Sunday, May 15, 2011

TACHIKICHI (たち吉) of Kyoto

Tachikichi is a Kyoto based company that sells pottery and tableware. It was founded in 1752. Its wares are taken from many kilns throughout Japan, highlighting many types of Japanese porcelain and pottery. Tachikichi products are made specifically for them and carry the Tachikichi mark. Sometimes the name of the actual kiln will be on the wooden box, if it comes with one.

This "Akae" style is quite a favorite of Tachikichi. They sell many items with this motif. These dishes can be used for salads, simmered vegetables and the like.

                                         Tachikichi Mark on Platter

        Tachikichi Platter with Mishima design

                                                   Ki-seto tea bowl with Gold Tachikichi MARK


I have a number of  "Hyozan-gama" marked pieces sold by Tachikichi. Hyozan-gama is located in Toki City, Gifu prefecture, a form of Mino ware.


Tachikichi  originally was called Tachibana Yachibe but was later changed to Tachikichi.  There are still many pieces labels Tachibana in modern Tachikichi pieces.



  1. I actually just purchased a bowl and platter like the first picture ...pinkish with the gold leaves. I collect Hagi-yaki and it matches well but Im unsure exactly what it is...I know its sold by Tachikichi but is it Kyoto-yaki? With my limited Japanese al I could learn from store is that Its not Hagi ware. Is it simply calledTachikichi-yaki? Thanks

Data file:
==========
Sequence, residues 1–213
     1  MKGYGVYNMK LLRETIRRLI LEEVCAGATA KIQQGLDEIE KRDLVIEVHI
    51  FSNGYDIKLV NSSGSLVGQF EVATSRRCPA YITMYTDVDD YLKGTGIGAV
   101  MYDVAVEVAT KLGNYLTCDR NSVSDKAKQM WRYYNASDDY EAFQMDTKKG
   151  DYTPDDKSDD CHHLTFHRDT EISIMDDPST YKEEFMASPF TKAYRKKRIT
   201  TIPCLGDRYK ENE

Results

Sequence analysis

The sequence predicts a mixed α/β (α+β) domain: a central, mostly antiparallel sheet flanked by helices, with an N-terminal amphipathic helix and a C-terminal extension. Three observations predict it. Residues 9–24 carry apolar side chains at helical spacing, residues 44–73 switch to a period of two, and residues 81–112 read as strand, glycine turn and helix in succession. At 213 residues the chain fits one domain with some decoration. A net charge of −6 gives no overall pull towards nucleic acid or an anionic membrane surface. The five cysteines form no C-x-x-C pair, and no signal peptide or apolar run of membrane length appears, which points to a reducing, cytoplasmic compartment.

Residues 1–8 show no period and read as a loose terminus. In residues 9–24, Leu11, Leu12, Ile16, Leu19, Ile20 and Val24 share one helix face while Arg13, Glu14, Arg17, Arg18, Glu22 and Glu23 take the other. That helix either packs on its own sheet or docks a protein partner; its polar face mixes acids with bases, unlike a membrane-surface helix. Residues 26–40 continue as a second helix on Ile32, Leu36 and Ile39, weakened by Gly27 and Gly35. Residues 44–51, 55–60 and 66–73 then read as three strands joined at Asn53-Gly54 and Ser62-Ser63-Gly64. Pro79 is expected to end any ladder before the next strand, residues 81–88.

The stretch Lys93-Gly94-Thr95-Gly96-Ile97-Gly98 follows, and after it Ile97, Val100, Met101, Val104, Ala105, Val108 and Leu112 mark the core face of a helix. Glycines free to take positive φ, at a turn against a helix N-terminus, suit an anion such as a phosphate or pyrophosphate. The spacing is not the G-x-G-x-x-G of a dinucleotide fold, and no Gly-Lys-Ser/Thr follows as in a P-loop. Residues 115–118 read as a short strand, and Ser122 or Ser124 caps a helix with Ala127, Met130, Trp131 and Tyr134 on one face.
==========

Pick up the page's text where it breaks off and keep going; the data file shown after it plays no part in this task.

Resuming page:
1. Tachikichi sells many wares under its name. Most are produced esecially for Tachikichi, in larger factories rather than than in small kilns. Although the pinkish hue appears like Hagi,it is not. I have looked high and low in both Japanese and English to find out the actual maker. One site states that it was made in Arita, but unless I can see the actual papers that come with the pottery I am hesitant to say that for sure. If you have the kiln/artist papers that come with it, let me know and I can try to get you the information you want. This particular style was probably made for wedding gifts. As you probably know, when attending a Japanese wedding the guests give money. The wedding couple gives a return gift, usually a nice bowl or something. Tachikichi makes a lot of wares for these wedding gifts. These usually end up in closets until the closets are bursting at the seams! If living in Japan you can get great deals on lovely unused pottery and porcelain for very good prices, if you know where to go.

  2. Hi, I think my first post failed. I do not know any Japanese and have been researching a plate that I came across. It has the same symbol as the one in the 8th picture. Could you tell me more about it? Any info would be wonderful. Thank you!

  3. All of the marks under the the Tachikichi section are versions of the name Tachikichi.